The Stanford Achievement Test examines basic skills in a number of areas. Scores on individual skill areas are averaged to give a final score reported as a percentile. The tests are norm-referenced, meaning that, for all students who take the test at a given time under the same circumstances, the greatest number of individual scores will be at or around the 50th percentile, or within one Standard Deviation of it. Similarly, the mean, or average for such test results for all children would be the 50th percentile. In both studies, however, the mean scores of home schooled students were much higher than their schooled peers. Both Wartes and Rakestraw drew comparisons in skills areas of reading, language, listening, and mathematics. Wartes (1988) found the mean scores of home educated children were at the 68th percentile, with scores in science, listening vocabulary and reading reaching beyond the 70th percentile. Rakestraw (1989) also concluded that "on tests of basic skills, these home-schooled children did as well or better than children in public elementary schools in Alabama." (page 26). Reviews of other studies using different achievement tests measuring the same skills reached similar conclusions. (Ray 1988, Mayberry 1988, 1989) An interesting note to the Washington state research was the mathematical skills test finding. Although median score of home schooled children was low in mathematical computation (42nd percentile) the median score for the same group in math application skills was a strong 65th percentile. (Wartes1988)
An extensive review of this and other home schooling research was written and reported by Brian D. Ray (1988). He summarizes that, "The available evidence indicates that home school youth of compulsory education age have been scoring equal to or better than their conventional school peers" (page 25). Furthermore, he claims to have found no evidence to contradict that statement. Gene Frost, Director of Education at Chicago Research and Training, was critical of some research for the reason that two of the three studies he examined were conducted by home schooling advocacy groups. (1988) However, J. Gregory Cizek, in a paper presented to the American Educational Research Association in 1993, declared that more than half of the 19 researchers who responded to his survey had not engaged in home education themselves and that almost half maintained no interest in home education research.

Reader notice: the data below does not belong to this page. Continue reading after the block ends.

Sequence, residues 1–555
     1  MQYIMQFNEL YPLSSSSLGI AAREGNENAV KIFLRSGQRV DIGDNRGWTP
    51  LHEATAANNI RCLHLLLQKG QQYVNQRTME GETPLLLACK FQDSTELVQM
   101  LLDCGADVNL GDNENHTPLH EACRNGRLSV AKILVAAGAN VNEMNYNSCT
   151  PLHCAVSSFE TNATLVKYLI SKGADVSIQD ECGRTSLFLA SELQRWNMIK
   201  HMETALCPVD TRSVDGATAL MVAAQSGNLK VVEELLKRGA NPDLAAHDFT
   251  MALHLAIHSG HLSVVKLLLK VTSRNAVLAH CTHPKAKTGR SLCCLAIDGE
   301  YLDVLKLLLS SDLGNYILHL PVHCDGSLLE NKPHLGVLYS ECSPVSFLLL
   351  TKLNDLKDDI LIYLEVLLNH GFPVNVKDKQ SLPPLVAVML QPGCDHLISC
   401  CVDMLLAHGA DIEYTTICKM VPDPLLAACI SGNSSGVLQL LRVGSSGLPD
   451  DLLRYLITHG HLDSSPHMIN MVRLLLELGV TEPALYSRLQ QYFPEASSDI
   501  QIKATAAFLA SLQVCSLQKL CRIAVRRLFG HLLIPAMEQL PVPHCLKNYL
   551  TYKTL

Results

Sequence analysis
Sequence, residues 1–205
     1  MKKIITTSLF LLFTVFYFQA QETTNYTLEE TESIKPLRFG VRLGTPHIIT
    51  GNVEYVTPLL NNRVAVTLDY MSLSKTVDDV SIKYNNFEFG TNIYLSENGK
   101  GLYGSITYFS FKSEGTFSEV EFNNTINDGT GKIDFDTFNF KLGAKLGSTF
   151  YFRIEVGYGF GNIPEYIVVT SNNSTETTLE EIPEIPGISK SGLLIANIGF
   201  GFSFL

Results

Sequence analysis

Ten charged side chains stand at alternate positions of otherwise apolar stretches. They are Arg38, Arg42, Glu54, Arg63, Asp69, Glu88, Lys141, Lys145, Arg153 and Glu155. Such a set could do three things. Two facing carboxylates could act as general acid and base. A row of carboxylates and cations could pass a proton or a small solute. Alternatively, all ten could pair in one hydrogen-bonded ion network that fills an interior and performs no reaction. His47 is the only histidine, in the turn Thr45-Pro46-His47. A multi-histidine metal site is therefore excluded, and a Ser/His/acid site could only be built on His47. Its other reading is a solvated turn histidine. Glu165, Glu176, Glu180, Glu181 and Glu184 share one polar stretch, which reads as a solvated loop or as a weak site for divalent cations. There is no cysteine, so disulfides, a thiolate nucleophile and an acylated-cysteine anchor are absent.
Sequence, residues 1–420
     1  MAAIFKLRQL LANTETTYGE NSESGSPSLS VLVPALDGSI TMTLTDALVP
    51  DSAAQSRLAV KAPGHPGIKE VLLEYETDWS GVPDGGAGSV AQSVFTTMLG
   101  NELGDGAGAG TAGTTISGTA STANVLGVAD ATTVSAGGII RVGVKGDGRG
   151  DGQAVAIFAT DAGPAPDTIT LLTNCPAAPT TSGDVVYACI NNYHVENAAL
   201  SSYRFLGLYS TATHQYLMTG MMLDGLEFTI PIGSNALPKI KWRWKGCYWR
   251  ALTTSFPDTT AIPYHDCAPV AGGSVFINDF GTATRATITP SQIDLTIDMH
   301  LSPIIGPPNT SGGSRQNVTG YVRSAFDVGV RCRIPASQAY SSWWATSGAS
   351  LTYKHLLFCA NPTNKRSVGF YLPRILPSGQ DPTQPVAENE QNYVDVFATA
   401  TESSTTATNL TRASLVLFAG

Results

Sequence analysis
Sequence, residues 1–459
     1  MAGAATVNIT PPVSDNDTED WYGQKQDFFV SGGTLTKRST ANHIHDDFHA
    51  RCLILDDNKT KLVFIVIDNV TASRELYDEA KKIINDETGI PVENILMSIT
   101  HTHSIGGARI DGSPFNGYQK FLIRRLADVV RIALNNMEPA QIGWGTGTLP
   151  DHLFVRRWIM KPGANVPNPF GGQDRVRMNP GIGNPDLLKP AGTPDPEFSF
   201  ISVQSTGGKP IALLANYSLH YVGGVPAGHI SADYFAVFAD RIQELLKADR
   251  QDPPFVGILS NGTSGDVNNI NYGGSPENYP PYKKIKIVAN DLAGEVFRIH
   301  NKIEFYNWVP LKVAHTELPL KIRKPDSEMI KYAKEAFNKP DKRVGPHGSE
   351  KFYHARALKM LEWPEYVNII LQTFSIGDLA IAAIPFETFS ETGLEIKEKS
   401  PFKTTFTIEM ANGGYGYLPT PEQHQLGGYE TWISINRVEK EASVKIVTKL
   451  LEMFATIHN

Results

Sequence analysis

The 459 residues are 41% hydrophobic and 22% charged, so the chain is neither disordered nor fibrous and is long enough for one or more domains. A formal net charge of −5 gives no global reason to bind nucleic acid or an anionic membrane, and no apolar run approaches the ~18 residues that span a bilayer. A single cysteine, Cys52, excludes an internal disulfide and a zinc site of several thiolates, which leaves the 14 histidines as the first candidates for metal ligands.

Do these studies have any relevance to Canadian education or is this merely an American phenomenon? Ray (1988) examined test scores from Western Australia and found similar results. He has also analyzed the performance on standardized tests of 524 Canadian homeschooled children (1994). In the Canadian study, the mean score of the home educated students, was at or above the 76th percentile with scores in a number of individual skill areas well above the 80th percentile.